EPA says it will decide by next year whether to order utilities to cut emissions of carbon dioxide, a greenhouse gas. The lawsuit targeted the five largest emitters of carbon dioxide in the United States, four private companies and the federal Tennessee Valley Authority.
The Obama administration sided with the power companies in this case.
Justice Ruth Bader Ginsburg, writing for the court, said the Clean Air Act gives the EPA authority to regulate carbon-dioxide emissions from power plants.
The landmark environmental law leaves no room for what Ginsburg described as a parallel track, "control of greenhouse gas emissions by federal judges."
On the other hand, Ginsburg said, that the states and conservation groups can go to federal court under the Clean Air Act if they object to EPA's eventual decision.
The decision reversed a ruling by the 2nd U.S. Circuit Court of Appeals in New York.
Justice Sonia Sotomayor did not take part because she sat on the appeals court panel that heard the case.
The states' lawsuit is the second climate change dispute at the court in four years. In 2007, the court declared that carbon dioxide and other greenhouse gases are air pollutants under the Clean Air Act. By a 5-4 vote, the justices said the EPA has the authority to regulate those emissions from new cars and trucks under that landmark law. The same reasoning applies to power plants.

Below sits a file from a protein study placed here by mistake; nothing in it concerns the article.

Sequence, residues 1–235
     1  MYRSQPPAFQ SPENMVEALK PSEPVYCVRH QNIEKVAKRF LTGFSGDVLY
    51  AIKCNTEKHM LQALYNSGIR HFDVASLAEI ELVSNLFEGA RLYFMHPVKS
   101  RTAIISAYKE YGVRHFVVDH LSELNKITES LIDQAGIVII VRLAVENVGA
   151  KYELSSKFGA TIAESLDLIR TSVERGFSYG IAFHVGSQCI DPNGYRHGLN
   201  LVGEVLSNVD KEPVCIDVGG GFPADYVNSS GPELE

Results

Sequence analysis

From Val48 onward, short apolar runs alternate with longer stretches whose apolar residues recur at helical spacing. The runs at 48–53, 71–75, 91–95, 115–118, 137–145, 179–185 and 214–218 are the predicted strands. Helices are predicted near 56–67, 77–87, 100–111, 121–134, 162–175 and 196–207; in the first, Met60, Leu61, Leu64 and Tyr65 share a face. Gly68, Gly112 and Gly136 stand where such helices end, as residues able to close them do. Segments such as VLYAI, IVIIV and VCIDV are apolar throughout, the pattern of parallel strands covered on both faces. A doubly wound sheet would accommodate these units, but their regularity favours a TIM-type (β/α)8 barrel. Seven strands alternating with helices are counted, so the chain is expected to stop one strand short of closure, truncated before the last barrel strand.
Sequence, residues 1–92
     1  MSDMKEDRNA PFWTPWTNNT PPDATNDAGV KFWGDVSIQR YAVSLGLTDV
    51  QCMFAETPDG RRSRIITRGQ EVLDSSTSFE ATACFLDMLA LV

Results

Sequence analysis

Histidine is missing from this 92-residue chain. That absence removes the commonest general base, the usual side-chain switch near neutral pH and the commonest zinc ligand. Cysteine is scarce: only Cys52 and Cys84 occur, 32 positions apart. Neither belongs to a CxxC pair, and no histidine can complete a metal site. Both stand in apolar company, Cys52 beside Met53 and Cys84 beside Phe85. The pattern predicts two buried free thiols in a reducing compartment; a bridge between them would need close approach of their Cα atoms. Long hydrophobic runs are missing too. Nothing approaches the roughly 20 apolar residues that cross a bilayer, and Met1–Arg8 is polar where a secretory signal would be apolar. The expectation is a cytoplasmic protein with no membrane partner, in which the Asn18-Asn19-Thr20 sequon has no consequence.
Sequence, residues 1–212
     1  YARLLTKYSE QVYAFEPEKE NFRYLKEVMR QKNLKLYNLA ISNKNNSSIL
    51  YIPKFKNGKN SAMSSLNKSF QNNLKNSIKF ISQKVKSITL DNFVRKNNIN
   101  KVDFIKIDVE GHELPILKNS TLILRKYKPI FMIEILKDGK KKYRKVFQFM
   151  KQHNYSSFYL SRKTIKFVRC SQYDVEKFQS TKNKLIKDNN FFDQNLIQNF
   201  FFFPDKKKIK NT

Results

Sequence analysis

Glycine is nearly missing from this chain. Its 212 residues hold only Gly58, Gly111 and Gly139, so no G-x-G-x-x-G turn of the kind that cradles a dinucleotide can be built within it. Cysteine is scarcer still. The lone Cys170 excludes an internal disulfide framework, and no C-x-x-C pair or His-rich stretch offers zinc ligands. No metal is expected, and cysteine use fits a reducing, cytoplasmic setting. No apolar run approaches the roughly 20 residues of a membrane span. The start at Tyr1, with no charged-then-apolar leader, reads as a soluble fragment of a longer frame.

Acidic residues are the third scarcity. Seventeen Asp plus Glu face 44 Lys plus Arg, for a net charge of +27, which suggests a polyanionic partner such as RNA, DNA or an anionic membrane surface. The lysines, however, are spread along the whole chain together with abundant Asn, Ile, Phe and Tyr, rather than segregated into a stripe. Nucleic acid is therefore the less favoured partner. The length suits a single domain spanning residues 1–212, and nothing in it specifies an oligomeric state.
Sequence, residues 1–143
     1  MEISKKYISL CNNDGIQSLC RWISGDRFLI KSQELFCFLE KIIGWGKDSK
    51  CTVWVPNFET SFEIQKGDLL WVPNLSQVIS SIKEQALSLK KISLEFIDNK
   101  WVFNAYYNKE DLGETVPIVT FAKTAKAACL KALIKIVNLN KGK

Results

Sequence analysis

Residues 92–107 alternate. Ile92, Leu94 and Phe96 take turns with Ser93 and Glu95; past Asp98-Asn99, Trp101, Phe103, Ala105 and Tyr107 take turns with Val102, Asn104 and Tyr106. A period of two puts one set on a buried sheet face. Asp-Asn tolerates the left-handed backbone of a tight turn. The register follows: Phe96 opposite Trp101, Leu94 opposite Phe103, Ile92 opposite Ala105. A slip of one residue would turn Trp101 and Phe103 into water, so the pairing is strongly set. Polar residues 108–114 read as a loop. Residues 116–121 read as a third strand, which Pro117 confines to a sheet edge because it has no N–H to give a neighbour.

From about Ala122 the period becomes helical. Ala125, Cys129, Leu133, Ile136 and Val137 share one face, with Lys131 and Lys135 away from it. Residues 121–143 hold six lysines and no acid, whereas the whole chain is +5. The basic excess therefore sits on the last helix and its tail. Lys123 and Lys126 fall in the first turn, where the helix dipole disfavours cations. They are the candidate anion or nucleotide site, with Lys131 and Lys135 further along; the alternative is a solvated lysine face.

EPA's consideration of regulating those emissions stems from the earlier court ruling.
The private defendants in the suit are American Electric Power Co. of Ohio, Cinergy Co., now part of Duke Energy Corp. of North Carolina; Southern Co. Inc. of Georgia, and Xcel Energy Inc. of Minnesota.
Eight states initially banded together to sue. They were California, Connecticut, Iowa, New Jersey, New York, Rhode Island, Vermont and Wisconsin. New Jersey and Wisconsin withdrew this year after Republicans replaced Democrats in their governor's offices.
The high court did not rule on some potential state-law claims.
Ginsburg said those are best addressed by lower courts.
The case is American Electric Power Co. v. Connecticut, 10-174.